“It seems to me that one of the most important steps is to build relationships with Native people in their area and find out what the Indigenous people want from us,” Haines said in a telephone interview. Haines spoke with this reporter on the phone, along with Buffy Curtis, also a former co-clerk of the NYYM’s Indian Affairs Committee. 

Haines and Curtis belong to the ally group Neighbors of the Onondaga Nation. They have also learned from Paula Palmer to offer the “Roots of Injustice, Seeds of Change” presentation.

Haines returned approximately 30 acres of her land in New York State to women from the Oneida Nation in 2019. Skenandore-Wheelock of FCNL is one of the Oneida women who received the land. 

Curtis and Haines participated with local Indigenous people in a boating trip to commemorate the Two Row Wampum Treaty, a seventeenth-century agreement pledging peace and equal coexistence between the Haudenosaunee and the Dutch. The journey helped Haines and Curtis establish friendships with local Native Americans and learn about their concerns and priorities.

Participants did not undertake the commemorative voyage lightly. “There was a year of preparation and education before it even happened,” Curtis said. 

Friends can begin seeking connections with Indigenous communities by visiting museums and cultural centers as well as by attending pow-wows, Haines suggested.

Other Friends recommended supporting and following the lead of the Indigenous-run National Native American Boarding School Healing Coalition (NABS). Carolyn Carr Latady, an attender at Twin Cities Meeting, wrote in an email:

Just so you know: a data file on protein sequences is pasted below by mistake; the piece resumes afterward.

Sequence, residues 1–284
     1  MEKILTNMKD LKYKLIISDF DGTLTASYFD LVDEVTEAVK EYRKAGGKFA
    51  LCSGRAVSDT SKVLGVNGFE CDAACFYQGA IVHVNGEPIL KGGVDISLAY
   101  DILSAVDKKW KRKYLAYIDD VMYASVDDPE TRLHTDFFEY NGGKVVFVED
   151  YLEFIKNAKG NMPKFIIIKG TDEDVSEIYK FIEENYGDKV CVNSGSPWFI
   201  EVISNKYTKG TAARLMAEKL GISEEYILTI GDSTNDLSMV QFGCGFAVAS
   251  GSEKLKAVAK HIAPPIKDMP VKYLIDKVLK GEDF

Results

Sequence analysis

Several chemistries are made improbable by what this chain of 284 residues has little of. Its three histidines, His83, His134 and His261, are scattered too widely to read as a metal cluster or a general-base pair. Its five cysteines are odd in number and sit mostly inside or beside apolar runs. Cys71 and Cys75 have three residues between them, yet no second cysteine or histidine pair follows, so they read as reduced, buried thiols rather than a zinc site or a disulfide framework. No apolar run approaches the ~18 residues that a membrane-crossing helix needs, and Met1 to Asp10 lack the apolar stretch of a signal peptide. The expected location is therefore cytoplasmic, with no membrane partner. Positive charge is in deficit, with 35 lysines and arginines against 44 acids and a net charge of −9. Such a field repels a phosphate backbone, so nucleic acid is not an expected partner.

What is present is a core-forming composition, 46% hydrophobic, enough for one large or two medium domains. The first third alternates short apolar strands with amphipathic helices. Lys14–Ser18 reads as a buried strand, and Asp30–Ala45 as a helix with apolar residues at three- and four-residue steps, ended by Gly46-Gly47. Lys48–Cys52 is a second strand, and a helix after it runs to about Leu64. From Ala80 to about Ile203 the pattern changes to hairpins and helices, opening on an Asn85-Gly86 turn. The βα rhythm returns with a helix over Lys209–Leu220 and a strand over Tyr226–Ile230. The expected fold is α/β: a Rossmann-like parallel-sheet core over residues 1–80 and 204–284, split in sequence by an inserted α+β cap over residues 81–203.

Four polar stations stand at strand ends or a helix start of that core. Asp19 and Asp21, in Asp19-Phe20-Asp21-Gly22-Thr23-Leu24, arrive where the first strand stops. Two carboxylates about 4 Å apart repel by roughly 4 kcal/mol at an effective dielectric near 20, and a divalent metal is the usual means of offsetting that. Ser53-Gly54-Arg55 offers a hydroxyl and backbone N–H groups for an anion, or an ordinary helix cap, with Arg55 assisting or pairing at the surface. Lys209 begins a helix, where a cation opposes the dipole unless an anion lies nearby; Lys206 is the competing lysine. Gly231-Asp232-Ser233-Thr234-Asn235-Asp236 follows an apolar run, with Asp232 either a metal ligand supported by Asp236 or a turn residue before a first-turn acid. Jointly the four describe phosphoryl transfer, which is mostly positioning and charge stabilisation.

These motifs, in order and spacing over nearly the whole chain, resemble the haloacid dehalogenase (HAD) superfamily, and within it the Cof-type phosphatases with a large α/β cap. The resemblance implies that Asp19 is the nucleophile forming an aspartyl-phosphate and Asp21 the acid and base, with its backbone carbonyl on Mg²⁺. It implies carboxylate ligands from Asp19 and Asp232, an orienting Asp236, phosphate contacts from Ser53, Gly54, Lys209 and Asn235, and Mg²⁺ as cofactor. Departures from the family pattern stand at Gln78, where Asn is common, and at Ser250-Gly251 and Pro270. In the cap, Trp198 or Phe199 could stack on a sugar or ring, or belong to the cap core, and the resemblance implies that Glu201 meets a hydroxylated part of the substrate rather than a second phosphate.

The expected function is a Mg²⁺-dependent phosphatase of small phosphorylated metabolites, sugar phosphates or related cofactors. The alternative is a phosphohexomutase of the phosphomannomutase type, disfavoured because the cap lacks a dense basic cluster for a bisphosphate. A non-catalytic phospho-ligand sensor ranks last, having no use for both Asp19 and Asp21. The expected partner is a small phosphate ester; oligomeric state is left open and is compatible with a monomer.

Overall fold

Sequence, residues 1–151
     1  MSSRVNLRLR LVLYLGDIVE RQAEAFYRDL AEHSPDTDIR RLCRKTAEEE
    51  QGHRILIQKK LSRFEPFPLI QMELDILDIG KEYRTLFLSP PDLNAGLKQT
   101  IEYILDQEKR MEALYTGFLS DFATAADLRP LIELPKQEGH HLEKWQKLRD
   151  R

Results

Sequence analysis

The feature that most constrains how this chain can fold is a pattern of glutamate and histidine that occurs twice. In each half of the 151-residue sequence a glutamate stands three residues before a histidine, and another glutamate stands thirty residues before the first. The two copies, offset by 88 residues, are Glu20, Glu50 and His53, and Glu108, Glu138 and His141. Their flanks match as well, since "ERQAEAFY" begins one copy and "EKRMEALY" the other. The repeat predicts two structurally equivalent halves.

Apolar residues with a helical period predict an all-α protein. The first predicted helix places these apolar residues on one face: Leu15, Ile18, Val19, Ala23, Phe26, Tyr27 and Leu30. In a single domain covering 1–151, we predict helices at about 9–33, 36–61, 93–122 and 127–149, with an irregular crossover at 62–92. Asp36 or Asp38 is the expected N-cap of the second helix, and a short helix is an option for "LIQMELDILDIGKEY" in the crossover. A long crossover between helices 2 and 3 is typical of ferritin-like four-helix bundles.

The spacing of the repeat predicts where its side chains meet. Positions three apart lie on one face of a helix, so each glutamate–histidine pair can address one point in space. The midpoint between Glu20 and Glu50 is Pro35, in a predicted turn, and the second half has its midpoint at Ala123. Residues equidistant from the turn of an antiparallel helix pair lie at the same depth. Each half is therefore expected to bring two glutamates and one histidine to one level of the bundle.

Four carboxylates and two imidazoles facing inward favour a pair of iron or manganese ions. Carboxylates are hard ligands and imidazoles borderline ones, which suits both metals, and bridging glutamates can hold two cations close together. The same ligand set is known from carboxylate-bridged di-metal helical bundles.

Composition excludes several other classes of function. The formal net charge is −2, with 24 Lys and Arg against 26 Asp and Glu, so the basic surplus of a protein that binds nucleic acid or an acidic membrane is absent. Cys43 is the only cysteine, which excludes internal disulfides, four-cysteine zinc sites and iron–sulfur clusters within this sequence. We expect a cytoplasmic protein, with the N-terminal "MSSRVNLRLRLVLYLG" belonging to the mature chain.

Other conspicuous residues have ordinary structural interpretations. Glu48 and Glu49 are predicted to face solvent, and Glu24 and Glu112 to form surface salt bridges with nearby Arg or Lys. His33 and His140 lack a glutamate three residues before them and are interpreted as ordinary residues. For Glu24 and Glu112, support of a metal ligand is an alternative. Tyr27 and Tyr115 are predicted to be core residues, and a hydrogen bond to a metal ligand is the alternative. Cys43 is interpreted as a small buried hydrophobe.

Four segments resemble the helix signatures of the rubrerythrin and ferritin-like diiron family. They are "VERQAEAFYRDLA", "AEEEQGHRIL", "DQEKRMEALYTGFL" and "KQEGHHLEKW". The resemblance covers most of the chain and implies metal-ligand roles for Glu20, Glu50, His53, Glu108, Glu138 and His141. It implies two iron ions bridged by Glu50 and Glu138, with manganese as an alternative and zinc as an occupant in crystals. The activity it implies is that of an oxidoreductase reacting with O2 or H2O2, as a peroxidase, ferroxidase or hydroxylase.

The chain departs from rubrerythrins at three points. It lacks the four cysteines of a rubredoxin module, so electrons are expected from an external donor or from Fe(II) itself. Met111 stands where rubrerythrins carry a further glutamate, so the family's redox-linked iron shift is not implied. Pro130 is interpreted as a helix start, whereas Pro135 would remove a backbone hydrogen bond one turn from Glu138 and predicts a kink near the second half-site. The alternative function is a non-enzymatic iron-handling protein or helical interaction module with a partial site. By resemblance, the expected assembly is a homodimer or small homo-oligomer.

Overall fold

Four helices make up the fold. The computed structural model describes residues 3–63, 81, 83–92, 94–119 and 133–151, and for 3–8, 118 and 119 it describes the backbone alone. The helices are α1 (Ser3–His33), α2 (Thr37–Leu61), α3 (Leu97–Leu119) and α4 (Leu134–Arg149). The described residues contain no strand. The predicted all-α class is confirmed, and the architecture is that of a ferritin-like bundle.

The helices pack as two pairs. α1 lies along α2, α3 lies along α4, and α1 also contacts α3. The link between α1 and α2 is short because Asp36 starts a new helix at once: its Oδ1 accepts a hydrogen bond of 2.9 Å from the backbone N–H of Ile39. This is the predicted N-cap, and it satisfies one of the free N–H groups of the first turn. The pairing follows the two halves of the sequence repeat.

Quakers could sign up for e-news updates from the organization, singly or as a group; apply for membership; and advocate for local school districts to use NABS curricular resources to teach Native American history. 

“Southeast Yearly Meeting’s Committee (SEYM) for Ministry on Racism encouraged the yearly meeting to contribute at least $300 a year—a large sum for their yearly meeting—to NABS,” wrote Kathy Hersh, rising clerk of SEYM’s Committee for Ministry on Racism.

Friends can begin seeking connections with Indigenous communities by visiting museums and cultural centers as well as by attending pow-wows.

Spiritual necessity for reparations

Friends should seek to make reparations for historic participation in Native American boarding schools in order to promote healing of Indigenous communities as well as Quakers’ own spiritual health.

According to an email copy provided by co-clerk Mike Huber,  a minute approved in June by the Sierra-Cascades Yearly Meeting (SCYMF) encourages Friends 

to acknowledge and repent of the harm that Quakers inflicted on Indigenous children and their families by operating Indigenous boarding schools and by promoting the federal policy of forced assimilation of Indigenous children . . . to provide space for collective lamentation: a time and/or space to acknowledge, grieve, and integrate these truths, with the guidance of the Spirit. 

Palmer considers truth-telling about participation in the boarding schools essential to Quaker spiritual wholeness. “I really hope that Quakers will understand that this is work that is necessary for our own souls, for our own integrity, for our own cleansing and healing,” Palmer said.

Friends can lobby their Congress members to co-sponsor the bills using this FCNL campaign. Other Friends recommended supporting and following the lead of the indigenous-run National Native American Boarding School Healing Coalition (NABS). Readers can view Indigenous People’s testimony on the legislation at these links, which Skenandore-Wheelock provided. Here are links to testimony on the House and Senate versions of the bill: 

1 thought on “How Friends Can Make Reparations for Quaker-Run Indigenous Boarding Schools

  1. Thank you for teaching me about the Quaker involvement in Indian boarding schools. I have been appalled at learning about these schools and had no idea that Friends participated. It’s no good pointing fingers when it seems everybody was to blame, even if they thought they wee doing a good thing.